Written as a contributor piece for Portlands Mom Blog
Hunger is constant. It can be satiated, but without fail, in a few short hours our stomachs growl again telling us it is time to eat. Just as our stomach is hungry for food, our souls are hungry for connection. This past October, after undergoing major surgery, just two months after unpacking boxes in a new house and a brand new city, I found myself aware of hunger in its various forms. The hunger of my stomach and my soul were both fed in beautiful and surprising ways. Kindness and hospitality knocked on my door and provided just the nourishment my soul needed.
In a world that is hurting and full of so much need, the heaviness of it all it can feel overwhelming. When I feel overwhelmed, I often experience paralysis because I don’t know where to start. My new friends and neighbors recently taught me that one small act of kindness can have a lasting impact that creates connection. In a moment where I felt alone, I discovered a village of people eager to step in and help. When we connect to each other, we build a bridge that offers a new path forward. Here are five acts of kindness that offered healing to my body and to my soul.
1. Warm Meals
When mom is out of commission, the kitchen often experiences a crisis. The delivery of a warm meal can feel like Christmas morning. Through the happenstance of a birthday Evite invitation, I connected with a woman whose kids attend school with mine. She asked if I was feeling settled after moving, and risking vulnerability, I shared about my surgery. She offered to bring me a meal. I willingly accepted. Little did I know that she would orchestrate a meal train through my children’s elementary school, and that for the next few weeks kind people who didn’t even know me, would show up at my door to deliver a warm meal. I felt so loved! In addition to the generosity of friends and family that meal train provided the unexpected and greatly appreciated gift of twenty meals!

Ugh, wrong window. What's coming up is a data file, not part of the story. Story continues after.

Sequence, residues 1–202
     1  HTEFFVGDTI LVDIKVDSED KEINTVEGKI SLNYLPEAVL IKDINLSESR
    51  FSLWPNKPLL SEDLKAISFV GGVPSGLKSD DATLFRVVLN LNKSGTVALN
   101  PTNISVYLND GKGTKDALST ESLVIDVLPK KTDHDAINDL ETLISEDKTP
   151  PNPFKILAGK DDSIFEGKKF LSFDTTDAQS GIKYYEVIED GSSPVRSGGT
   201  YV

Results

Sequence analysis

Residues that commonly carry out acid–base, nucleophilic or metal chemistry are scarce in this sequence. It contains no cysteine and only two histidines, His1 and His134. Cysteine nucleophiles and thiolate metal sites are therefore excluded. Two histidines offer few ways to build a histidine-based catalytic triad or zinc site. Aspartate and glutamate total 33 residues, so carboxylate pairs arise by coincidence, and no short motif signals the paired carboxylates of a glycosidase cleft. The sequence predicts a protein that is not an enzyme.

2. Face to Face Connection
Recovery from surgery isn’t a pretty sight. Showers are optional and sweats are the clothing of choice. Those factors make it easy to become a hermit. But, being a recluse has its drawbacks, mainly that when real life interactions diminish the inner voices get louder. So I am thankful for my crew of friends who knocked on my door, providing me food and company. It helped to break up those long, and often lonely, days of recovery.
3. Beauty on Display
Through the weeks of recovery, many kind and hospitable people brought gifts to my door. Three of those deliveries were bouquets of flowers. And the timing was impeccable. Just as the previous bouquet was beginning to wilt, a new one arrived. Friends and family sent pieces of beauty to brighten my day. It was a constant, visual reminder that others were thinking of me in a season of obscurity and newness.
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